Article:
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Facts Are Subversive : Political Writing from a Decade without a Name
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Facts Are Subversive : Political Writing from a Decade without a Name

3.6 of 5 stars 3.60  ·  rating details  ·  80 ratings  ·  12 reviews
Timothy Garton Ash is well known as an astute and penetrating observer of a dazzling array of subjects, not least through his many contributions to the New York Review of Books. This collection of his essays from the last decade reveals his knack for ferreting out exceptional insights into a troubled world, often on the basis of firsthand experience. Whether he is writing ...more
Kindle Edition, 440 pages
Published October 15th 2010 by Yale University Press (first published July 1st 2009)
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Frank Kelly
Garton Ash, the great observer and chronicler of Germany and Eastern Europe pre- and post collapse of the Iron Curtain, has compiled some of his best essay from the last ten years in this excellent new book.

Beyond being an extraordinarily gifted historian and writer, Ash covers a panoply of issues ranging from the significance (and occasional banality) of national anthems to the rise of China to the role of religion (and lack thereof) in modern Europe.

But I was particularly struck by Ash's com
This is a collection of Timothy Garton Ash's pieces published from 2000 to 2009. However, they concern modern world history - with a slight emphasis on Europe and the United States, roughly from the end of the second World War to today. Consequently, the subtitle is literally true, but ever so slightly misleading. As a journalist whose pieces I frequently read and have consistently enjoyed in the New York Review of Books, I saw this collection and had to give it a chance. Many of his pieces for ...more
Lorenzo Berardi
What we have here is a very good collection of articles, political essays, book and movie reviews along with public speeches turned into ink on paper by Timothy Garton Ash, one of those people teaching at Oxford University and being rather proud of it.

"Facts Are Subversive" could have easily ended up as a messy pot-pourri of intellectual exhibitionism, but luckily it stands far from it thanks to a very clever editing. The idea of putting a world map at the beginning of the book with the titles o
Only read a few chapters but so far Mr. Ash has hit upon a number of things that I've long believed. He doesn't recognize the "American Revolution" as a revolution at all. It was really secession. Violent revolutions never succeed. Europeans are much more aware of their history. Americans share much of that but we have forgotten it. Reagan was only a bit player in the fall of the Berlin Wall. Most of the credit goes to Gorbachev. The most important year in 20th century European history was 1989. ...more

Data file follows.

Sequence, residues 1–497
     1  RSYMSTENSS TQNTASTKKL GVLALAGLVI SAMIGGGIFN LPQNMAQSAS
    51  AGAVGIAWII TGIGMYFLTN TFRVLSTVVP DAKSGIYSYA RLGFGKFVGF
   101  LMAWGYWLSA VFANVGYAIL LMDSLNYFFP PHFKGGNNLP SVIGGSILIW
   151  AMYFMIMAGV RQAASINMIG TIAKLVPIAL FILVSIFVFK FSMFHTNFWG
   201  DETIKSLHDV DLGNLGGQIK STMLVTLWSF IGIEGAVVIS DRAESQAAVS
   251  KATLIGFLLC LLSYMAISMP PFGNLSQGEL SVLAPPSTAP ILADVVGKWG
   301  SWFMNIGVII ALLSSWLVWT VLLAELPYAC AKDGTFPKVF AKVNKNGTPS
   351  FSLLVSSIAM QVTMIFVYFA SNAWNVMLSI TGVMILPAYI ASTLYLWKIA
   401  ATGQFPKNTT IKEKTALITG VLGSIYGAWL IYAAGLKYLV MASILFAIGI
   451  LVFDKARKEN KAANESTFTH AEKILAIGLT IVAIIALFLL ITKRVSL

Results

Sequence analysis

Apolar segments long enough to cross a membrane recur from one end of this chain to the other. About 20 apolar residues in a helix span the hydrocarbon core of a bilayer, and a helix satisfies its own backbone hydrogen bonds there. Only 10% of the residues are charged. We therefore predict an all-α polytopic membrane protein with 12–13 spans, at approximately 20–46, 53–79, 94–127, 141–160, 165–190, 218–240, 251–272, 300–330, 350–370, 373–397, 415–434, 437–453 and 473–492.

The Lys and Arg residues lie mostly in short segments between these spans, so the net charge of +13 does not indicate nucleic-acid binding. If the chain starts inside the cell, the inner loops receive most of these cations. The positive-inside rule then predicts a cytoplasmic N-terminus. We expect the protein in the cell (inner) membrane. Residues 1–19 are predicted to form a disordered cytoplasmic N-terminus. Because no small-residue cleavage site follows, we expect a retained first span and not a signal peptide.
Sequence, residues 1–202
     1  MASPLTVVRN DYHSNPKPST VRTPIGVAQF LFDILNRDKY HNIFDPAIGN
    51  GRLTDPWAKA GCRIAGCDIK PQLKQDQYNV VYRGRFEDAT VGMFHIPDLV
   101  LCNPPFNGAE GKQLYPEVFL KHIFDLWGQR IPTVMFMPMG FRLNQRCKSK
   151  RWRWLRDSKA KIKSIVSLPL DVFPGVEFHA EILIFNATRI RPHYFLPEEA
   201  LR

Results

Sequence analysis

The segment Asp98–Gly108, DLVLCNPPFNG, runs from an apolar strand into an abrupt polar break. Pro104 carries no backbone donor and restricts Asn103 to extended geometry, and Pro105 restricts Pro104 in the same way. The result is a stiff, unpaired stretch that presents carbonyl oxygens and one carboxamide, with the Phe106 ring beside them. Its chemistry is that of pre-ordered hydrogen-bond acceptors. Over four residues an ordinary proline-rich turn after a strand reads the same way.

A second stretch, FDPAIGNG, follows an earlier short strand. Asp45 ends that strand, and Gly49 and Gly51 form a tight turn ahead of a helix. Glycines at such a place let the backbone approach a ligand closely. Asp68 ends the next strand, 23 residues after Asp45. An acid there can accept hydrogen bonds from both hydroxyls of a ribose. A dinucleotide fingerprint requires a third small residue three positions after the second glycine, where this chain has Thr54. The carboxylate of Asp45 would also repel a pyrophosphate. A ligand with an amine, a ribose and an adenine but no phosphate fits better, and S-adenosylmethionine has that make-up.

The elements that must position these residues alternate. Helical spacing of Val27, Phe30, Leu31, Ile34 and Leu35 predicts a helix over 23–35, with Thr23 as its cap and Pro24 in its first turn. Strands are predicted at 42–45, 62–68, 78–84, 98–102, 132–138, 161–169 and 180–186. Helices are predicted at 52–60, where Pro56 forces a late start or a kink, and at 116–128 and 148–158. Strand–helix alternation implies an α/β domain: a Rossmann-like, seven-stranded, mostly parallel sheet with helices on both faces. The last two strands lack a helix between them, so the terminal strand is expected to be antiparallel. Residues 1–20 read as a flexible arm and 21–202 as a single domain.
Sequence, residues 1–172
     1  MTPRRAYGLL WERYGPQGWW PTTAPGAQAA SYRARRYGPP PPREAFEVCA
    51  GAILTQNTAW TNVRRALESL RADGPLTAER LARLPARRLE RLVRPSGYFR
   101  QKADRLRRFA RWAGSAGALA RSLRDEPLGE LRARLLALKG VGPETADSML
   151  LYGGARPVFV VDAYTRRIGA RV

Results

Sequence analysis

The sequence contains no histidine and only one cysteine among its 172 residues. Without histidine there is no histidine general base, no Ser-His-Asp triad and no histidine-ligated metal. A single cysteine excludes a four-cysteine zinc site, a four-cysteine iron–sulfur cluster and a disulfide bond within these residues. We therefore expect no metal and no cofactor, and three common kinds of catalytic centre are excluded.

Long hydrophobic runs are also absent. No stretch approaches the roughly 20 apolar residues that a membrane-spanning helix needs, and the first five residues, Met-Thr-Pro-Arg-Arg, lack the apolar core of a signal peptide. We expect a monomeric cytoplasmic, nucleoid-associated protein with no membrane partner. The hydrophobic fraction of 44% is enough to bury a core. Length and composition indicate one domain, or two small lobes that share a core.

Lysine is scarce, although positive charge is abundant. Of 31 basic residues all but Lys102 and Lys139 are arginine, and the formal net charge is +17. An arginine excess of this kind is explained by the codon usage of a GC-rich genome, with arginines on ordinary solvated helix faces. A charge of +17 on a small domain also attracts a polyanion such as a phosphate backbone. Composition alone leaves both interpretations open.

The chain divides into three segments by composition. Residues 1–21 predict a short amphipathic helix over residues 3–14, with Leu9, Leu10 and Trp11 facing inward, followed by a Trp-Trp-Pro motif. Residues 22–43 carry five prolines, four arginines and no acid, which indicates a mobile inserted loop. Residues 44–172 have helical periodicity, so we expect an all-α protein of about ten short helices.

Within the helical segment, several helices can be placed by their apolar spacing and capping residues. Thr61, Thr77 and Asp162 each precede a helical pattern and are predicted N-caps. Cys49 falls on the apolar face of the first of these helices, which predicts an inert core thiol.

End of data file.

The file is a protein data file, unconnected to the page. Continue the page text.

Andy Oram
Collections or anthologies face two common problems, both of which I
found in this book. First, each article was written to make a
particular point at a particular moment, and the interests of the reader
at the current moment may be different, even if only a year or so
separates the two. Second, one expects a different level of insight
and research from short articles from what one expects in a book, so the
collection is not likely to make a satisfying book. That said, I
learned some interesting things
Roberto Macias
It's a fascinating collection of journalistic essays, including a few explorations on the subject of literature and the literary value of journalism.

Perhaps the most salient and interesting feature is the retrospective reading on the implications of some events in world politics, how they were perceived at the time of the event, and how the finally developed.

Certainly a worthy book to be read and a lesson in modern history.
Definitely a good read. I was hoping for more of a Euro centric collection of writing but was happy with the contents nonetheless as I read the only book by TGA at my local library.

Looking back at the contents however, I'm struck by how little of the book is actually about Europe or European issues. Here are the main section titles for anyone that's interested:

1) "Velvet Revolutions, continued...
2) Europe and Other Headaches
3) Islam, Terror and Freedom
4) USA! USA!
5) Beyond the West
6) Writers and
Megan Jones

I must admit that I did not realize this was a collection of essays rather than a book, and I don't tend to like collections of essays. Upon reading the introduction I thought his thesis sounded interesting and supportable. I did not find that his choices of essays were very related to his thesis. I did learn a lot about eastern European revolutions and he did have some interesting views on terrorism, but I found myself wishing he had just written a book supporting his thesis.
Aprendi muito sobre esta década, que deveria ser a dos fatos que mais lembro. Ler o livro me fez pensar que não sei nada. No bom sentido, de te dar desejo de ler, buscar e estudar mais, para talvez um dia chegar a saber muito.
Miguel Ángel Moreno
Numerosa colección de artículos y ensayos de TGA. Los hay más interesantes, los hay menos interesantes pero entretenidos y los hay que he leído en diagonal.
Rather good, especially on Europe, which is nice given the dearth of balance, sensible writing on the subject.
couldn't get into, essays from his writings. Conservative.
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